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Funded PhD Fellowship in Multiscale Computational Mechanics of Bone Fragility in T2 Diabetes

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The Biomechanics Research Centre (BioMec) at NUI Galway is seeking applications for a funded-PhD position in Multiscale Mechanics of Bone Fragility in Type-2 Diabetes for a project funded by the Irish Research Council Laureate Scheme, under the supervision of Dr. Ted Vaughan (Google Scholar).

Project Background: The onset of Type-2 Diabetes is associated with increased bone fracture risk, despite the fact that bone volume is not reduced. This implies that T2 Diabetes impairs bone quality, whereby the intrinsic properties of the bone matrix itself are altered. It is widely believed that non-enzymatic glycation of proteins in the organic matrix underlie the pathogenesis of diabetic skeletal fragility. However, due to the complex nature of bone fracture events, there is a distinct lack of understanding of how altered protein mechanics impair functional properties in T2 diabetic bone disease. This project will develop a novel multiscale mechanics framework using state-of-the-art computational techniques to interrogate and elucidate the physical mechanisms that are responsible for diabetic bone fragility.


Project Outline: This PhD project will use the finite element method to predict the behaviour of a lamellar bone through a multiscale modelling framework, focussed at two separate length scales. Firstly, a novel Representative Volume Element (RVE) for lamellar bone (microscale) will be identified, whereby mineralised collagen-fibrils, the polycrystalline hydroxyapatite mineral components and intermediate organic layers of non-collagenous proteins will be discretely represented. Using an appropriate homogenisation strategy, this approach will predict the mechanical response of the tissue under multiaxial loading conditions to generate a multiaxial failure envelope for lamellar bone. This information will then be used to describe the behaviour of tissue-level bone in image-based models of the trabecular bone structure derived from clinical data. At this scale, clinically-relevant loading scenarios will be simulated and a probabilistic-based modelling approach will be used to identify the precise roles that bone quality and bone quantity have on bone fracture, and associated fracture probabilities.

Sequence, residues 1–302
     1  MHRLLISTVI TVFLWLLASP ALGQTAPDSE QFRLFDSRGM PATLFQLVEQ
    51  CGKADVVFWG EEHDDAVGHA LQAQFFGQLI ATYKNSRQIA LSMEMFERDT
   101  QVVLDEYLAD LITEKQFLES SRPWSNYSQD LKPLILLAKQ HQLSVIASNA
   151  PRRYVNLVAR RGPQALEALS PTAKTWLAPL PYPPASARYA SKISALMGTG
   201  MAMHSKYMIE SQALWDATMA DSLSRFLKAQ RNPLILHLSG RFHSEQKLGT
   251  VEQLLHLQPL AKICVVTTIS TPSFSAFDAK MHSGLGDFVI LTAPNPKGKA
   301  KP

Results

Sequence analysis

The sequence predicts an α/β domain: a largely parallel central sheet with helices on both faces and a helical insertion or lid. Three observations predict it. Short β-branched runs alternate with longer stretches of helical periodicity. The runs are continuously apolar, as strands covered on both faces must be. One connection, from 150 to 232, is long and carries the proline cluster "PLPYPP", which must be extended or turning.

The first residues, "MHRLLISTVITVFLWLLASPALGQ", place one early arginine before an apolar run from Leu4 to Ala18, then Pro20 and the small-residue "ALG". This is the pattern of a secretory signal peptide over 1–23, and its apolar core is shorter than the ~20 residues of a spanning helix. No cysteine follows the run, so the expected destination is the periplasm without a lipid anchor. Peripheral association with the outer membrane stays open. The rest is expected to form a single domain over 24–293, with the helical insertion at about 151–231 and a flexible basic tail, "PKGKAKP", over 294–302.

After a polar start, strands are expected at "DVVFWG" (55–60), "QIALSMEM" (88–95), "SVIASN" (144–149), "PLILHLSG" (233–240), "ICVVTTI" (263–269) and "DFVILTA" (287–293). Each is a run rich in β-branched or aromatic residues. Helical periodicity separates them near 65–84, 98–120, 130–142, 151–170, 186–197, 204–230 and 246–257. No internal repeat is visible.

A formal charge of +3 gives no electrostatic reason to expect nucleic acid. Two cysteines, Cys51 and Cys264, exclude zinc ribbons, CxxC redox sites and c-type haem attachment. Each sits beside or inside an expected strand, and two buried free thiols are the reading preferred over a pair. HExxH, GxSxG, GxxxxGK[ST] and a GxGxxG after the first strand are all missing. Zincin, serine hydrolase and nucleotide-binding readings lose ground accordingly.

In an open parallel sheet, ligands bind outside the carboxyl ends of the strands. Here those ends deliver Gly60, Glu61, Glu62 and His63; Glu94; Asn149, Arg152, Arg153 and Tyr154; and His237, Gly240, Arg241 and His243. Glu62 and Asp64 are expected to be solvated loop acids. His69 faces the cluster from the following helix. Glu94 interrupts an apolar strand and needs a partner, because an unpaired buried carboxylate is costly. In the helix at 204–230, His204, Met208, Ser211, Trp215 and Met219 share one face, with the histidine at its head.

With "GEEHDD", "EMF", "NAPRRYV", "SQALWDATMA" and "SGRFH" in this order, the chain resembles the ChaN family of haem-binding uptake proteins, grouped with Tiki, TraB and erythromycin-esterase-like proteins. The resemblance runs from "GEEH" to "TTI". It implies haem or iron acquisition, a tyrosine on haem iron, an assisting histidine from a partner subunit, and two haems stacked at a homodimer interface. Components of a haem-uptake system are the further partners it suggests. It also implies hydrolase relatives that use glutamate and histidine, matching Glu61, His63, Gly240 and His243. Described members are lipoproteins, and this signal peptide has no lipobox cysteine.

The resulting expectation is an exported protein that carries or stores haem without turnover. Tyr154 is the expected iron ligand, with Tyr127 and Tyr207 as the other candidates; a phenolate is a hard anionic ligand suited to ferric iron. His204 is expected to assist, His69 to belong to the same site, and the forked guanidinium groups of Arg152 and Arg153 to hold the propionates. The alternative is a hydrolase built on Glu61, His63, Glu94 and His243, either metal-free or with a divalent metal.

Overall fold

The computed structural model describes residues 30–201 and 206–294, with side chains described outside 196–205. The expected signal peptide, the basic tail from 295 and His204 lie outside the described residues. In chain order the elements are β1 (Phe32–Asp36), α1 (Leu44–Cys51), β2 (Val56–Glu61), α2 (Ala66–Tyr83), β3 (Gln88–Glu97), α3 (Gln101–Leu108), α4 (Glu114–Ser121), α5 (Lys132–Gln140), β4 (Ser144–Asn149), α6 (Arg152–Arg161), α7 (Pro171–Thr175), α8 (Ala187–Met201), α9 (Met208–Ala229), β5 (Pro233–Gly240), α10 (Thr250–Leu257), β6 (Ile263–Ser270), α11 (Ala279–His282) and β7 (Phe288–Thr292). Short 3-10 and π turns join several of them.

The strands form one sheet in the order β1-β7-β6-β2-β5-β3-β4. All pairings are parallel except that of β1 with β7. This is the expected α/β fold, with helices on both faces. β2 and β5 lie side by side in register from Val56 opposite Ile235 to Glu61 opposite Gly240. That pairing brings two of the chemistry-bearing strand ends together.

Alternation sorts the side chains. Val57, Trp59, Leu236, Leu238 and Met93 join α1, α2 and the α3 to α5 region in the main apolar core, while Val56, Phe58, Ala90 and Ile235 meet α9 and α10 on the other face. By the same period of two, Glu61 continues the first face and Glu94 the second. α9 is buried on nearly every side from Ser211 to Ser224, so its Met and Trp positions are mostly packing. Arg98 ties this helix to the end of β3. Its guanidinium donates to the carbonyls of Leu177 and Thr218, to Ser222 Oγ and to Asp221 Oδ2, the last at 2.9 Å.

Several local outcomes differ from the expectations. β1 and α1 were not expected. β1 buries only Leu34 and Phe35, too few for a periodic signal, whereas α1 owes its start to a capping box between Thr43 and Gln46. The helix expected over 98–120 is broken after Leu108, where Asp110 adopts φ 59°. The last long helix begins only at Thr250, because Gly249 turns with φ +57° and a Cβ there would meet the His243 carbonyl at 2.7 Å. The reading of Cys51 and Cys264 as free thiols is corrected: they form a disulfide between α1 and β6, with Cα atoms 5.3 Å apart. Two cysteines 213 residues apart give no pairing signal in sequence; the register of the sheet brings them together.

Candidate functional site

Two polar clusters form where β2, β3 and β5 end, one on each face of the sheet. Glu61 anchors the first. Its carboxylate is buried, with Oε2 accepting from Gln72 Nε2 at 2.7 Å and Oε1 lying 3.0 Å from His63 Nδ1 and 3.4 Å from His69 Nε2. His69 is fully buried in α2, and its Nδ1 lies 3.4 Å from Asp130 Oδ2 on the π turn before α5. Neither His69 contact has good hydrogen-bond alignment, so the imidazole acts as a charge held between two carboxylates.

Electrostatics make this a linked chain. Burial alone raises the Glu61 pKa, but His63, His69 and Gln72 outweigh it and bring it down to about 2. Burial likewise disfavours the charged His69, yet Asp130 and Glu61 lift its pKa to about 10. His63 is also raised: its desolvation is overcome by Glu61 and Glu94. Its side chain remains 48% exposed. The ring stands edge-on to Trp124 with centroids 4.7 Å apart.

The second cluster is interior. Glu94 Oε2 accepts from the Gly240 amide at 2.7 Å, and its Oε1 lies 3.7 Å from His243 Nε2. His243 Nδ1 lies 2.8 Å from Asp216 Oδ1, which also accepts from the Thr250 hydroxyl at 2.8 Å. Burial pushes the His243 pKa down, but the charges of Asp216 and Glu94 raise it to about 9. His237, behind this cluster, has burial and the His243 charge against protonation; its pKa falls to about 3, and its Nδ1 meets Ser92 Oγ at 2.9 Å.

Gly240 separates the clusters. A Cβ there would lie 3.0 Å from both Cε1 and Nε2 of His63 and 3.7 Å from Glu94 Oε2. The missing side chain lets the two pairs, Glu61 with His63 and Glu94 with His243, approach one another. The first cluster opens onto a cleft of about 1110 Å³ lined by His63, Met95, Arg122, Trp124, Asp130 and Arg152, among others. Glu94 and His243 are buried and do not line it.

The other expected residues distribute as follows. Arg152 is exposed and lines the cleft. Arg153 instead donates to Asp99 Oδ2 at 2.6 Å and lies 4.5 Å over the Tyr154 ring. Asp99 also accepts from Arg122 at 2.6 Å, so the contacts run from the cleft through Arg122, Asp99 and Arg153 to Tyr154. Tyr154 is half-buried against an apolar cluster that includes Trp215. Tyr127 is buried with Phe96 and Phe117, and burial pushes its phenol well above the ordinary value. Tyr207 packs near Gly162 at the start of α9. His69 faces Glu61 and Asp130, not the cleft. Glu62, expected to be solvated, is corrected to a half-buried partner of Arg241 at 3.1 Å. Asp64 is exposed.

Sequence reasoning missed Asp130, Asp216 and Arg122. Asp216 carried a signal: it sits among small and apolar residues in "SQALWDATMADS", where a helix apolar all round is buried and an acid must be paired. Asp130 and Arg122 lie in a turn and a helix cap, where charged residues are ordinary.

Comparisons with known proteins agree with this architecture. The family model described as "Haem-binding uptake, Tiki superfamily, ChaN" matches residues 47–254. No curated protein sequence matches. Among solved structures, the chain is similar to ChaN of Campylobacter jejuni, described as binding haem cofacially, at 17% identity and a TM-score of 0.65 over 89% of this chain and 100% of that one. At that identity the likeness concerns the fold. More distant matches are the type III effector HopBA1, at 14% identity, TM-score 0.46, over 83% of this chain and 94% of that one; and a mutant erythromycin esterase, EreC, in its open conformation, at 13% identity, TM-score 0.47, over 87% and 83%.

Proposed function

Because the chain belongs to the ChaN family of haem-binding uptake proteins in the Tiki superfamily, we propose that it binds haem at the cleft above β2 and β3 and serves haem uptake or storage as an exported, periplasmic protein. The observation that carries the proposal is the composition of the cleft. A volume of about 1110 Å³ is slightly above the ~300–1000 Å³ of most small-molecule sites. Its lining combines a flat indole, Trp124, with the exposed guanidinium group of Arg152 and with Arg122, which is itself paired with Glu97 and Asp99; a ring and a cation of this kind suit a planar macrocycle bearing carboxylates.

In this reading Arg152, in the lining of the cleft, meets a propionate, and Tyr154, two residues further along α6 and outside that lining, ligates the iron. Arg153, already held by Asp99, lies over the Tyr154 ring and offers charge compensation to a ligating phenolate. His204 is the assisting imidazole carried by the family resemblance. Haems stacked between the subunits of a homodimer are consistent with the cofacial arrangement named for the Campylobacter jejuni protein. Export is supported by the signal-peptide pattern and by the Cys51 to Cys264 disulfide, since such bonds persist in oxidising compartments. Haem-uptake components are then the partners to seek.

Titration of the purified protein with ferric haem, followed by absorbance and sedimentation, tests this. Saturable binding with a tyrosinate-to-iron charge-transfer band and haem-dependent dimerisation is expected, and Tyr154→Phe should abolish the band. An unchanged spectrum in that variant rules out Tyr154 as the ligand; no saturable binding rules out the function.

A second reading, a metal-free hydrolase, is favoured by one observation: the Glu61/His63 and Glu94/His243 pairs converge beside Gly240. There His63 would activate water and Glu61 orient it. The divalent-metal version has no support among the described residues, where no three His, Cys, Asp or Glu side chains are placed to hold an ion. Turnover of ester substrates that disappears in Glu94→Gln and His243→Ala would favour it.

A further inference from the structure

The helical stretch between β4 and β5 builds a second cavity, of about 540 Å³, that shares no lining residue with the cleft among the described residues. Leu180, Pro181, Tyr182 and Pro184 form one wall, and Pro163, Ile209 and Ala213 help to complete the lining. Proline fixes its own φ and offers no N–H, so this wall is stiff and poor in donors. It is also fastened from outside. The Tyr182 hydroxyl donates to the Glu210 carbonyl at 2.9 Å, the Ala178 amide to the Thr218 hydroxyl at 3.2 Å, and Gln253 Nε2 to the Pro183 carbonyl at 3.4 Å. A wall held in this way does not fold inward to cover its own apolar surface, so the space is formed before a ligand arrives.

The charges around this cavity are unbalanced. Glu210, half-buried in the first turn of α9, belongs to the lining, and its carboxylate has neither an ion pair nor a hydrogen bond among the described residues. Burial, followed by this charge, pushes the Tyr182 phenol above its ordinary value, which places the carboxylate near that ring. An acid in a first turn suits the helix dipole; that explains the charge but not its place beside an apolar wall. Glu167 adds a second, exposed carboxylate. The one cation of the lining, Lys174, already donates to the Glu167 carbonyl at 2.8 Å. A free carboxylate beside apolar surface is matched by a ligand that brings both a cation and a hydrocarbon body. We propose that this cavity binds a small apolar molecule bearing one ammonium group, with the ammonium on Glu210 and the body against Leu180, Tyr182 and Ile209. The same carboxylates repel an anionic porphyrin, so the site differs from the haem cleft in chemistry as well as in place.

Candidates interestedshould have a degree in Biomedical Engineering, Mechanical Engineering, or closely-related discipline. Prospective candidates should be highly-motivated to participate in computational research to facilitate a better understanding of the fragility during Type-2 Diabetes. Experience in the following areas would be beneficial:

·         Strong background in mechanics/biomechanics of materials.

·         Finite Element Analysis (Abaqus experience desirable).

·         Image-based model reconstruction techniques (e.g. micro-CT,).

·         Programming languages (e.g. Matlab, Python or FORTRAN) ,

Please send applications to Dr. Ted Vaughan ted.vaughan(at) in asingle PDF document including a one-page cover letter discussing experiences, and a two-page CV. Use the subject line “PhD Application - Multiscale Computational Mechanics of Type-2 Diabetic Bone Tissue.

The closing date for applications is 5th July 2018.


This project will be supported through an annual stipend of €16,000 and University fees (~€5,750) covered for a duration of 4 years, with an expected start date of September 2018. 

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